The United States and Russia put on a good display of being at each other’s throats. But what if that rivalry is nothing more than a show?
As I covered in my last article on the relationship between the Russian and U.S. Intelligence Services, it’s according to Intelligence that governments plan their negotiations and decide whether or not to put forth a plan for military deployment. This is a perfectly normal and sensible approach to foreign policy. However, the line is crossed at the point where Intelligence Services are used to create situations where deployment would seem viable, e.g. by manipulating intelligence and cooking up statistics.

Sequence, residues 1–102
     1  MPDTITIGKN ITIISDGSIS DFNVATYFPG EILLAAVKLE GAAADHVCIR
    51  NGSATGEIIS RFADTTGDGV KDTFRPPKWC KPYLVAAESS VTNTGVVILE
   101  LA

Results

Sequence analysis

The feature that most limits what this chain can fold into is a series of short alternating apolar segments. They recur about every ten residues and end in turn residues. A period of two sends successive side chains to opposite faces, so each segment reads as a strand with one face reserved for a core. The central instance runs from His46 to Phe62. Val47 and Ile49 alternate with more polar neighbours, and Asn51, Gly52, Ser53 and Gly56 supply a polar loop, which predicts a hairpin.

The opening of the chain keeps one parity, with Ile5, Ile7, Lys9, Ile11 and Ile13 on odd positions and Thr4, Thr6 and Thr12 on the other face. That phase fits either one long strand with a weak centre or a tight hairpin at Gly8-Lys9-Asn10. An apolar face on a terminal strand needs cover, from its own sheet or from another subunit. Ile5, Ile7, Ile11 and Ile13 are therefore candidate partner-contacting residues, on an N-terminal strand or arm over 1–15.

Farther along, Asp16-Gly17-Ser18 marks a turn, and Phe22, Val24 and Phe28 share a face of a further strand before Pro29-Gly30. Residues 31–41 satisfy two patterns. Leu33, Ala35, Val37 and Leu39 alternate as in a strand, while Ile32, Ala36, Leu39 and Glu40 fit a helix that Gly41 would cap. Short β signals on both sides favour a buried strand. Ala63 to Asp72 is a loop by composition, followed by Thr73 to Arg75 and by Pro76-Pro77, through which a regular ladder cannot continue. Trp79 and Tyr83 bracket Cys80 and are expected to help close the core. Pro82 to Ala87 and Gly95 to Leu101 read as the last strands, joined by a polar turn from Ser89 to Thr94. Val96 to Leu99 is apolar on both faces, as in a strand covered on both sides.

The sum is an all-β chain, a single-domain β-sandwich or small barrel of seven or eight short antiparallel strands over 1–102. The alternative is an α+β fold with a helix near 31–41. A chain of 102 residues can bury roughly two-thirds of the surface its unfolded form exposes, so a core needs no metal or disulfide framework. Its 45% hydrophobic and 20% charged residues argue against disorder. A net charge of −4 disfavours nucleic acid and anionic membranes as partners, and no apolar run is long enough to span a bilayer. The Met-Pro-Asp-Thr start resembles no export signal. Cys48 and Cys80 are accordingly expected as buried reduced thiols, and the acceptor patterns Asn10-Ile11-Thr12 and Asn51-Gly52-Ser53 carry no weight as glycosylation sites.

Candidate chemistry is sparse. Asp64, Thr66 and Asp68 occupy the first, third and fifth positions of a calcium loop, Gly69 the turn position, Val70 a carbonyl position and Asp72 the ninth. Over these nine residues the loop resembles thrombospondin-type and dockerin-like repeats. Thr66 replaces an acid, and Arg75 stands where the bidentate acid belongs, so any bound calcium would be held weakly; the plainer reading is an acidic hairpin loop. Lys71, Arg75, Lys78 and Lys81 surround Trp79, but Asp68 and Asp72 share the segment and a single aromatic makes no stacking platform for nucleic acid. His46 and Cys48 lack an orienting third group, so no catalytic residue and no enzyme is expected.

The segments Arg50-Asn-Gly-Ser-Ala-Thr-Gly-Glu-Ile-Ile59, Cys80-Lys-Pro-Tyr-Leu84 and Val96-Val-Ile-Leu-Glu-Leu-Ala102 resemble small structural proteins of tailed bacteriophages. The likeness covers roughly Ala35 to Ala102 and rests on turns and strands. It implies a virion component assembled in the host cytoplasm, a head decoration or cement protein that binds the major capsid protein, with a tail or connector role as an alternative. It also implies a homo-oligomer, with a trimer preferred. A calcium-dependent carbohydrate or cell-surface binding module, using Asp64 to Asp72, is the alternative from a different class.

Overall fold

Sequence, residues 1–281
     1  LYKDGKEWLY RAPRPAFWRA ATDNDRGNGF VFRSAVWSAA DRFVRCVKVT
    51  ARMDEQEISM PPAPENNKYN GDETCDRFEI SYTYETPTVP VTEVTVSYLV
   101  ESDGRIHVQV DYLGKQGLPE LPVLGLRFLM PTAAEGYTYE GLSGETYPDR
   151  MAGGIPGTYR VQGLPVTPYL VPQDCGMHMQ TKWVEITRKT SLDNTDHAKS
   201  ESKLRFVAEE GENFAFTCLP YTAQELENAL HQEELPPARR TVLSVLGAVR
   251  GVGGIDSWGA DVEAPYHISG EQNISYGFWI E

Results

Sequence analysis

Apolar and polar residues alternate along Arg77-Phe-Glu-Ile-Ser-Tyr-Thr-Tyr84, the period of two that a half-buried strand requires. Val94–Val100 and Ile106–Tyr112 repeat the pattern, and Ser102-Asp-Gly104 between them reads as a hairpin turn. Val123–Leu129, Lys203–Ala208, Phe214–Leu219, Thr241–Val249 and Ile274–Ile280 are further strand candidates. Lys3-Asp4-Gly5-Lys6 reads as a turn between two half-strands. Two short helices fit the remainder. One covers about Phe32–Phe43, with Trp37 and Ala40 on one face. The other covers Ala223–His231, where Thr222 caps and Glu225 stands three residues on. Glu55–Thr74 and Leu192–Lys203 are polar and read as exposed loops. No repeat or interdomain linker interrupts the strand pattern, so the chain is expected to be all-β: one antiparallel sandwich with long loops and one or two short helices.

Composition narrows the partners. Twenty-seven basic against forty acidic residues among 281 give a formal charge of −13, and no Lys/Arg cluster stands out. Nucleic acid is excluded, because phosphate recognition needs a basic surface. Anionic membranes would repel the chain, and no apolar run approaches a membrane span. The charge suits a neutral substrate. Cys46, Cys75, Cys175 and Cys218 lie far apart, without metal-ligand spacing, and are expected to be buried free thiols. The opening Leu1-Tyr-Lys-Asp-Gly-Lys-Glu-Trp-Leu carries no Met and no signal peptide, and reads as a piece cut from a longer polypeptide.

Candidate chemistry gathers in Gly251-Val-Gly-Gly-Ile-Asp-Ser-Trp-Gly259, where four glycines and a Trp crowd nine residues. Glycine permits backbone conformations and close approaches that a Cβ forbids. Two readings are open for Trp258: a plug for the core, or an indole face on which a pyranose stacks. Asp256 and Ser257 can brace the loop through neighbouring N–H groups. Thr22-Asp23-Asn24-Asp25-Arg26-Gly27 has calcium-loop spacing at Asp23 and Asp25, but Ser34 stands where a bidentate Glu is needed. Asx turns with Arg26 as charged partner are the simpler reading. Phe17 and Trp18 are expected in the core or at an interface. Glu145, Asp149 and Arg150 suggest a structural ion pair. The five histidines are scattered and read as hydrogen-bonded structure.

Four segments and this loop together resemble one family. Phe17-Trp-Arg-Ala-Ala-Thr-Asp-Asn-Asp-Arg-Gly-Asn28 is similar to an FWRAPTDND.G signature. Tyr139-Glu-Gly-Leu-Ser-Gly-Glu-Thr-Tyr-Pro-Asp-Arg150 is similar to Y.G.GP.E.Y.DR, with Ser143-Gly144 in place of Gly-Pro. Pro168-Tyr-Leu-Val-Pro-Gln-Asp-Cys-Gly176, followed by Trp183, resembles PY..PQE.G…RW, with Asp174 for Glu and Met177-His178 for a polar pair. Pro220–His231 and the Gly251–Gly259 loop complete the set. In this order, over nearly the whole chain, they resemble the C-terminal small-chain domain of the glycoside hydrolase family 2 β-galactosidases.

Russian and U.S. foreign policy has been both very intimately and very discretely linked in the past few decades: wherever the U.S. deploys its troops, they find themselves faced with enemies armed with Russian weaponry and gear; and whenever Russia cracks down on former Soviet allies for insubordination, they very often find themselves facing rebels armed with supposedly stolen or smuggled U.S. weapons. At the same time, Russia often sends the U.S. warnings when it is about to launch an attack in the Middle East, and threatens to stay out of the conflict and leave the U.S. to their own devices (for example the deployments in Syria and Iraq), while the U.S. calls Russia on what it calls infringements of human rights and impingements on the sovereignty of its neighbors. And yet, neither ever actually personally intervenes in the other’s affairs! [Read more…]